Neither the New Testament Scriptures nor the Fathers employed “prophecy” as a label for teaching, preaching, evangelizing, no matter how powerful; it reserves the term for revelatory speech. Not even in the superlative case of Peter on the Day of Pentecost, whose “anointed” message cut 3000 people to the quick, was he “prophesying” – he himself quoted Joel 2, that “I will pour out my Spirit on all flesh, and your sons and your daughters shall prophesy…” and announced that “this” (tongues!) “is what was uttered through the prophet Joel.” (Acts 2:16). Therefore, one cannot claim that prophecy is active today but does not include immediate divine revelation of hidden truth, not if one wants to construct a biblical definition.
The NT prophet usually gives directions from God with regard to “particular things”. In the comments by Severianus concerning Acts 5:3-4 a prophecy includes data that the prophet could not have known –
There is a difference between ancient and recent prophets, as follows. The ancients prophesied about the redemption of Israel, the calling of the Gentiles and the incarnation of Christ, whereas recent prophets prophesy about particular things or people, as Peter prophesied about Ananias, for example. 
Prophets took what was already known (Christian truth) and applied it in a supernatural way: (1) the prophets in Acts 13:1-2 did not invent the Great Commission; rather, the Spirit speaking through them set aside Barnabas and Saul for the task that had already been commissioned by Jesus. (2) In a Christian meeting, the prophet does not define new sins; rather, he or she reveals what sins are hidden in the heart of someone present (1 Cor. 14:24-25). (3) Agabus did not invent the rule “love your neighbor”; but in his prophecy of the famine he gave a supernatural alert to the believers of an imminent opportunity to practice it (Acts 11:27-39). (4) Peter did not invent “thou shalt not steal”; but he knew that Ananias and Sapphire had conspired to “lie to the Spirit”, which Spirit informed on them (Acts 5:1-11).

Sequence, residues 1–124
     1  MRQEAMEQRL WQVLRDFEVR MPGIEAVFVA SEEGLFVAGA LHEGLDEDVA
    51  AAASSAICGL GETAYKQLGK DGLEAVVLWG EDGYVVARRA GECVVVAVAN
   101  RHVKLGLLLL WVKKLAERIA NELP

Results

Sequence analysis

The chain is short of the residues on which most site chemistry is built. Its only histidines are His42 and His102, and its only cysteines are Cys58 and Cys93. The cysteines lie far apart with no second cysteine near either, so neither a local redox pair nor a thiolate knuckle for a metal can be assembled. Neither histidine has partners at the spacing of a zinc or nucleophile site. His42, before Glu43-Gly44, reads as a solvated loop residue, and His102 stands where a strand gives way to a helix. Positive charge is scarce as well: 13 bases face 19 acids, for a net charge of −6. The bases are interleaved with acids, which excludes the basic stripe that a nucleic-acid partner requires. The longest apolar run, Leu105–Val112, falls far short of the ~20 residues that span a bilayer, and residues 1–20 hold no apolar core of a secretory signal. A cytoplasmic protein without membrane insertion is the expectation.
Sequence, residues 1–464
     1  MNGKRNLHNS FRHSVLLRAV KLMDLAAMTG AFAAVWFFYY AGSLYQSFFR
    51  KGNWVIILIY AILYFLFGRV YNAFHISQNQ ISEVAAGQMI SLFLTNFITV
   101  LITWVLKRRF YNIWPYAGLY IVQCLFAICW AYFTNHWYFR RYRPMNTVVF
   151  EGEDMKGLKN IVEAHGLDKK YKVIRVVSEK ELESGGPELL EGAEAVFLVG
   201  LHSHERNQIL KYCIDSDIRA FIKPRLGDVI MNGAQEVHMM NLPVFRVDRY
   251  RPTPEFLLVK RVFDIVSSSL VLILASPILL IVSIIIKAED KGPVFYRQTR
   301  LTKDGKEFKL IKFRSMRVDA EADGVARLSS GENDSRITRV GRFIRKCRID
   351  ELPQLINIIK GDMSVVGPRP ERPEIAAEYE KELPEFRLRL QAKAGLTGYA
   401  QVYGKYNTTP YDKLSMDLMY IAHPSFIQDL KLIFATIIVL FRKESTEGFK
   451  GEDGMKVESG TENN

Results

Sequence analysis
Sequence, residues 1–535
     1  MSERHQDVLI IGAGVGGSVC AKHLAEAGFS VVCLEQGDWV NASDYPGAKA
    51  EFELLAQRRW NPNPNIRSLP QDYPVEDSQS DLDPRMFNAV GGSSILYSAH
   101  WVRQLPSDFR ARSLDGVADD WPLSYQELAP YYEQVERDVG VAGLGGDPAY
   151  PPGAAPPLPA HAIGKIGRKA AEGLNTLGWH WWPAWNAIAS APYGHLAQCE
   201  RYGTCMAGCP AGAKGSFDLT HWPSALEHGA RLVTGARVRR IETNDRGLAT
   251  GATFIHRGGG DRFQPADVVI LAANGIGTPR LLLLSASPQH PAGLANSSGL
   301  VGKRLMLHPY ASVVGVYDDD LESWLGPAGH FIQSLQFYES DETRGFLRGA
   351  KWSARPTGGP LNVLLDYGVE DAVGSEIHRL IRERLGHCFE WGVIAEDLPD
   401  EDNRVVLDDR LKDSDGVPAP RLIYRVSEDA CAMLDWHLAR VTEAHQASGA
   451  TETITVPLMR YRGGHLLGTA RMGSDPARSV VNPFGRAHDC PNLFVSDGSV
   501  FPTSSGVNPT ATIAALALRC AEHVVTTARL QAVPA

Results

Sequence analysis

In the West we soak up the thought patterns of a rationalist age, and thus too many evangelical preachers accept as a presupposition that, so long as they stick to expounding the Sacred Text, then everything will come out alright. This is not the Christian worldview: whether we accept modern prophecy or not, I urge that every preacher – or teacher, evangelist, or any person with whatever gift – meditate on Piper’s wish that the Spirit might give us an unusual anointing, which will manifest itself in our own hearts, in the words we say and in the reaction of the audience, so that people are moved to repentance and Christian growth. This should be the normal Christian life, in which we enjoy our birthright, the mighty manifestation of God’s Spirit. But it is not prophecy as the Bible describes it.
 An alternate version of this interpretation is associated with Wayne Grudem, The Gift of Prophecy in the New Testament and Today (rev. ed.; Wheaton, IL: Crossway, 2000), who argues that New Testament prophecy comes through divine prompting but is not infallible; of this opinion we will not treat here.
 We take material from John MacArthur, “Are there prophets today?” August 28, 1914. Online: http://www.gty.org/resources/bible-qna/BQ071012/are-there-prophets-today. Readers should visit the website themselves, especially given that it is a pastiche of various texts by the author and they are not easily synthesized. For now it is sufficient to quote this: “Both apostles and prophets have passed from the scene (Eph. 2:20), but the foundation they laid is that on which all of Christ’s church has been built.”
 John Piper, “Piper Addresses Strange Fire and Charismatic Chaos”, Nov 16, 2013. Online: http://www.desiringgod.org/articles/piper-addresses-strange-fire-and-charismatic-chaos. So too the view of Hodge, who defines prophecy both as revelatory speech in the apostolic epoch, and also anointed preaching, both then and now: “It consisted in occasional inspiration and revelations, not merely or generally relating to the future, as in the case of Agabus, Acts 11:28, but either in some new communications relating to faith or duty, or simply an immediate impulse and aid from the Holy Spirit, in presenting truth already known, so that conviction and repentance were the effects aimed at and produced.” Charles Hodge, I Corinthians (reprint; Wheaton, IL: Crossway, 1995), p. 247. Hodge’s viewpoint is similar to one of Calvin’s definitions, that “the singular and choice endowment of unfolding the secret will of God” (emphasis added). See also F. L. Godet, Commentary on First Corinthians (reprint; Kregel, 1971), pp. 695-96; M. E. Boring, “Prophecy (Early Christian Prophecy),” ABD 5:496.